A mean three-dimensional atlas of the human thalamus: generation from multiple histological data

Neuroimage. 2010 Feb 1;49(3):2053-62. doi: 10.1016/j.neuroimage.2009.10.042. Epub 2009 Oct 21.


Functional neurosurgery relies on robust localization of the subcortical target structures, which cannot be visualized directly with current clinically available in-vivo imaging techniques. Therefore, one has still to rely on an indirect approach, by transferring detailed histological maps onto the patient's individual brain images. In contrast to macroscopic MRI atlases, which often represent the average of a population, each stack of sections, which a stereotactic atlas provides, is based on a single specimen. In addition to this bias, the anatomy is displayed with a highly anisotropic resolution, leading to topological ambiguities and limiting the accuracy of geometric reconstruction. In this work we construct an unbiased, high-resolution three-dimensional atlas of the thalamic structures, representing the average of several stereotactically oriented histological maps. We resolve the topological ambiguity by combining the information provided by histological data from different stereotactic directions. Since the stacks differ not only in geometrical detail provided, but also due to inter-individual variability, we adopt an iterative approach for reconstructing the mean model. Starting with a reconstruction from a single stack of sections, we iteratively register the current reference model onto the available data and reconstruct a refined mean three-dimensional model. The results show that integration of multiple stereotactic anatomical data to produce an unbiased, mean model of the thalamic nuclei and their subdivisions is feasible and that the integration reduces problems of atlas reconstruction inherent to histological stacks to a large extent.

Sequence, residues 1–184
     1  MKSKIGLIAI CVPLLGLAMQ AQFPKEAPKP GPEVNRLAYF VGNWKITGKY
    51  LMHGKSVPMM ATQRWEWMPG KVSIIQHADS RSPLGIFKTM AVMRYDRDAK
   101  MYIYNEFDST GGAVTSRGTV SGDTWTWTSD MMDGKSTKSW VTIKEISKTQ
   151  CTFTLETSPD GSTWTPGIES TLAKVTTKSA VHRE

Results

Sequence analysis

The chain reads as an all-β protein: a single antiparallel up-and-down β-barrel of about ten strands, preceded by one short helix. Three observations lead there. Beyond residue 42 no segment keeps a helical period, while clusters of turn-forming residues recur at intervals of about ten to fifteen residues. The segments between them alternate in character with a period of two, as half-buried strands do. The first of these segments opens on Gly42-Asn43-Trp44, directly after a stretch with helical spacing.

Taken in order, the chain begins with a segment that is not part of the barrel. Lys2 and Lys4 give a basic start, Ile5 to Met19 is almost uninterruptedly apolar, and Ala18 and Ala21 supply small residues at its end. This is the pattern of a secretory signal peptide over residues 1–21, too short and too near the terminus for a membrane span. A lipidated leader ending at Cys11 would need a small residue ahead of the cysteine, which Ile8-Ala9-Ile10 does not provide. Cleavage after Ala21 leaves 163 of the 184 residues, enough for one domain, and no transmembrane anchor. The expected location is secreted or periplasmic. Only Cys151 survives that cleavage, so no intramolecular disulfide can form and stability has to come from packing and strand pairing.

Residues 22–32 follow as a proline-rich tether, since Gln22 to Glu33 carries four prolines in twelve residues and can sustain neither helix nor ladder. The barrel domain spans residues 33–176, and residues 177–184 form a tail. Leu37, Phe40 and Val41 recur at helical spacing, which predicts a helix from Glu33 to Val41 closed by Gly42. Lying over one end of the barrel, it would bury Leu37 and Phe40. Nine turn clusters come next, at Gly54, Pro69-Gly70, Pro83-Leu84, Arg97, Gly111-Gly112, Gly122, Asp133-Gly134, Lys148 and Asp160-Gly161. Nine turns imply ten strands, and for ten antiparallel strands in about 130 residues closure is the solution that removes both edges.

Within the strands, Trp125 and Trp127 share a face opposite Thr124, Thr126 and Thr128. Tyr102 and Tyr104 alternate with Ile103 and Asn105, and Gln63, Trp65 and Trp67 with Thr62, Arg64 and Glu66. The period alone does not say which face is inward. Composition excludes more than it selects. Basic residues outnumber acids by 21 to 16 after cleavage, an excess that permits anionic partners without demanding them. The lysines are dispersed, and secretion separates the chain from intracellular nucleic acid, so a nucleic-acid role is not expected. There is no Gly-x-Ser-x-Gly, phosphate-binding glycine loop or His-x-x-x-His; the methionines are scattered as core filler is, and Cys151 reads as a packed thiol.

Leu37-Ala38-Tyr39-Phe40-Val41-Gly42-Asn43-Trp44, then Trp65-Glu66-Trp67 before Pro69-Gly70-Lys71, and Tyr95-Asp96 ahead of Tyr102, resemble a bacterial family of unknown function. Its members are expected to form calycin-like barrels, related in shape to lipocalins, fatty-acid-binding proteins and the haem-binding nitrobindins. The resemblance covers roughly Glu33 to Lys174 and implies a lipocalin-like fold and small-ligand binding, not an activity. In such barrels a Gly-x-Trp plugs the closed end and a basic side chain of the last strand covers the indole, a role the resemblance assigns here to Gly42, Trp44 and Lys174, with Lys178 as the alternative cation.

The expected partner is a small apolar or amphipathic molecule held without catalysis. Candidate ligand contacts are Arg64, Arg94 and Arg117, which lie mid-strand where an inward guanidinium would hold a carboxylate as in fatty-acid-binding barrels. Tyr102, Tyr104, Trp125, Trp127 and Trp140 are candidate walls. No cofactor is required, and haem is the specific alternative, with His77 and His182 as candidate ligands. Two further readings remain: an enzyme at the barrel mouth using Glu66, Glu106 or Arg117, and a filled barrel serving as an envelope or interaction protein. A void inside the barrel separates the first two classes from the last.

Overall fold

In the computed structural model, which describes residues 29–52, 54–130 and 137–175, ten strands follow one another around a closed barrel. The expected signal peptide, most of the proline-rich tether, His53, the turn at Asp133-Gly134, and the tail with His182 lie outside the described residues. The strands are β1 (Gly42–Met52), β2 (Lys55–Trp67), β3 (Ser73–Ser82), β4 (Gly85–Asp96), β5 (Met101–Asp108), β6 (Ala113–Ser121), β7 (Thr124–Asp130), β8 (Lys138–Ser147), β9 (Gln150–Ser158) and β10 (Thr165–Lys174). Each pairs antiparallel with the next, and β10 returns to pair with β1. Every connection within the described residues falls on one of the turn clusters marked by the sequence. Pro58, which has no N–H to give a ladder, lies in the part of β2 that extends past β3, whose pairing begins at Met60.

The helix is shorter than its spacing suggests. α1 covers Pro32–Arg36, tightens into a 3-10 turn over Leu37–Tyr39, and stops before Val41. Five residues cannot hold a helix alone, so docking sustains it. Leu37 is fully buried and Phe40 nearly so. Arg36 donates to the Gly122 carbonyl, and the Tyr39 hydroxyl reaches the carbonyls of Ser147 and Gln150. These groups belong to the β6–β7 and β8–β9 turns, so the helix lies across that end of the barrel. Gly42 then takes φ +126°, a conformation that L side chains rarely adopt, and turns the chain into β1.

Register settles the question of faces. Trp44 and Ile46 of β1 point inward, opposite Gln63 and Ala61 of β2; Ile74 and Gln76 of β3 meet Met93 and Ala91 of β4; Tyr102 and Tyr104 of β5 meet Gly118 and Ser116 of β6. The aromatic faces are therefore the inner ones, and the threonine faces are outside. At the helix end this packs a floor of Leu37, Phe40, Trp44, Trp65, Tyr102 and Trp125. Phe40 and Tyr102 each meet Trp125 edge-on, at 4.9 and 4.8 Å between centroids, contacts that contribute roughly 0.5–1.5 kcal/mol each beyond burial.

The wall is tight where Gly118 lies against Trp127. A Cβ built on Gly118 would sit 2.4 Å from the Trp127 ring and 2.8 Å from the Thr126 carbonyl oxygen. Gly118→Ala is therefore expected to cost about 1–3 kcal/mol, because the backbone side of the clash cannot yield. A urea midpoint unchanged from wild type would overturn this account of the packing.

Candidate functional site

Publication types

  • Research Support, Non-U.S. Gov't

MeSH terms

  • Algorithms
  • Atlases as Topic*
  • Humans
  • Imaging, Three-Dimensional / methods*
  • Thalamus / anatomy & histology*